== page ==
bordered by the ruins of a former Trappist Monastery. With 10 guest
rooms, a reception hall (for 125) and eight break-out rooms (for
up to 35 each) it is a lovely spot for a day trip.
A spectacular rural experience awaits just 25 kilometres north
of Winnipeg at the enchanting Oak Hammock Marsh wetlands: one of
the top three places in the world to see the fall migrations of
birds, with 500,000 birds representing more than 200 species. The
facility offers canoeing and hiking on 30 kilometres of nature trails
as well as an interpretive centre, 120-seat multimedia theatre and
indoor dining facilities.
Pat Carrigan, event contracting manager for Winnipeg-based Investor's
Group Financial Services Inc., says Oak Hammock Marsh is "a lovely
dinner setting for small groups who may not have any nature experience."
For planners seeking to step right out of the box, Celes Davar,
owner of Earth Rhythms Inc., specializes in custom events. These
often feature aboriginal elders, storytellers and guides. Recent
summer teambuilding events for 26 delegates of an agricultural farm
services company included wilderness survival activities: fire starting;
traversing an obstacle course; navigating with a hand-held global
positioning device; and tracking elk with radio telemetry receivers.
DEBUNKING A CHILLY RAP
Forget the "Winterpeg" moniker. Winnipeg's warm hospitality and
eagerness to impress is legendary. Just ask Heidi Wilker. While
organizing the July 2003 assembly of 1,500 international delegates
of the Lutheran World Federation, the president and chief executive
officer of Blessed Events, a Brampton, Ontario-based company focused
primarily on the religious and non-profit sector, credited the choice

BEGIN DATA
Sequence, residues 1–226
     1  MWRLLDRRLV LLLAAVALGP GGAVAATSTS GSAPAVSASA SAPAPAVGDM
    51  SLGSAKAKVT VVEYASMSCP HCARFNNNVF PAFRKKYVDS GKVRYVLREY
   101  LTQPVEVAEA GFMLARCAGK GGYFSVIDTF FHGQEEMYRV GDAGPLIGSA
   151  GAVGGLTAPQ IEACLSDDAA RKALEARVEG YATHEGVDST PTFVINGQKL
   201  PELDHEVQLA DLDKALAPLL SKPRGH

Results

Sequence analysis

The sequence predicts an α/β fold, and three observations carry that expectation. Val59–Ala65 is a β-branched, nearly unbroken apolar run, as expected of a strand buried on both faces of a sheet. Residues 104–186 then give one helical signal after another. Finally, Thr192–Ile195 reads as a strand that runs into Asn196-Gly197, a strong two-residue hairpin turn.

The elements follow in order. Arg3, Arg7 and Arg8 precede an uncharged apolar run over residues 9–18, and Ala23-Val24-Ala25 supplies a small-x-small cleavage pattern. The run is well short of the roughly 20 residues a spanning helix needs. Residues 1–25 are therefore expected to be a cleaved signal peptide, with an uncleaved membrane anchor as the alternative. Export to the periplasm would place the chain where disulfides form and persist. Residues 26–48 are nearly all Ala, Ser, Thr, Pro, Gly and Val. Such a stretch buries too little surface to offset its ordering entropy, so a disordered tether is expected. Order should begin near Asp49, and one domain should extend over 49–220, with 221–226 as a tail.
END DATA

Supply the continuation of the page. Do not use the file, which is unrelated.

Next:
of Winnipeg to "an attractive bid" and a collaborative effort from
the whole city. "The city formed Team Winnipeg to help us," says
Wilker. "It involved people from the corporate, hotel and tourism
sectors dreaming up ideas for us: an opening gala at the Winnipeg
Convention Centre with local entertainment and a fabulous Manitoba
buffet; outdoor festivities with aboriginal entertainers at The
Forks; and a dine-around."
To boost attendance to the 10-day event, Destination Winnipeg organized
the hotel reservations and rallied groups of local volunteers to
help with various aspects of hospitality such as security, transportation
and people with language skills.
Klaus Lahr, general manager of the 160,000 sq.-ft. Winnipeg Convention
Centre says attracting business year-round is all about "cultivating
relationships." Citing frequent usage by Great West Life, the Investors
Group and Bristol Aerospace (all head-quartered in Winnipeg), and
the week-long events for the 2002 "Daughters of the Nile" gathering
for 4000 Shriners, Lahr says forging trust is key. "When the function